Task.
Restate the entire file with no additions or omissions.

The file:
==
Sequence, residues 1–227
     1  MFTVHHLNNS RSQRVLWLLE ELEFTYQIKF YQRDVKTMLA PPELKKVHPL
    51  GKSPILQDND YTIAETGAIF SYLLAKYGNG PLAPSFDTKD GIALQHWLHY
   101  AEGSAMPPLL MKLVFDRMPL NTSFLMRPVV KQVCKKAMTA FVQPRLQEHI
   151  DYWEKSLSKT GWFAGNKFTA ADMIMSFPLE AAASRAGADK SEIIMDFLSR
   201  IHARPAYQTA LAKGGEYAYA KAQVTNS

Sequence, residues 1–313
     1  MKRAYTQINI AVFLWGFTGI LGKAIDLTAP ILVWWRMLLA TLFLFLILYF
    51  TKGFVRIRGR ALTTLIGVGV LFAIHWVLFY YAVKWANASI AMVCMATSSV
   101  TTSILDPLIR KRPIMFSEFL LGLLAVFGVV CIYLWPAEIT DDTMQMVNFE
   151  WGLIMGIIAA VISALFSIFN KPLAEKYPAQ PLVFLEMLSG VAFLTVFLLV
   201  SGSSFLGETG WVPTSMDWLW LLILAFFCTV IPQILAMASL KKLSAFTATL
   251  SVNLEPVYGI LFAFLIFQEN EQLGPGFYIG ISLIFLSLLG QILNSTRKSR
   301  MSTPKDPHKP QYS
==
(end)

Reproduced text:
Sequence, residues 1–227
     1  MFTVHHLNNS RSQRVLWLLE ELEFTYQIKF YQRDVKTMLA PPELKKVHPL
    51  GKSPILQDND YTIAETGAIF SYLLAKYGNG PLAPSFDTKD GIALQHWLHY
   101  AEGSAMPPLL MKLVFDRMPL NTSFLMRPVV KQVCKKAMTA FVQPRLQEHI
   151  DYWEKSLSKT GWFAGNKFTA ADMIMSFPLE AAASRAGADK SEIIMDFLSR
   201  IHARPAYQTA LAKGGEYAYA KAQVTNS

Sequence, residues 1–313
     1  MKRAYTQINI AVFLWGFTGI LGKAIDLTAP ILVWWRMLLA TLFLFLILYF
    51  TKGFVRIRGR ALTTLIGVGV LFAIHWVLFY YAVKWANASI AMVCMATSSV
   101  TTSILDPLIR KRPIMFSEFL LGLLAVFGVV CIYLWPAEIT DDTMQMVNFE
   151  WGLIMGIIAA VISALFSIFN KPLAEKYPAQ PLVFLEMLSG VAFLTVFLLV
   201  SGSSFLGETG WVPTSMDWLW LLILAFFCTV IPQILAMASL KKLSAFTATL
   251  SVNLEPVYGI LFAFLIFQEN EQLGPGFYIG ISLIFLSLLG QILNSTRKSR
   301  MSTPKDPHKP QYS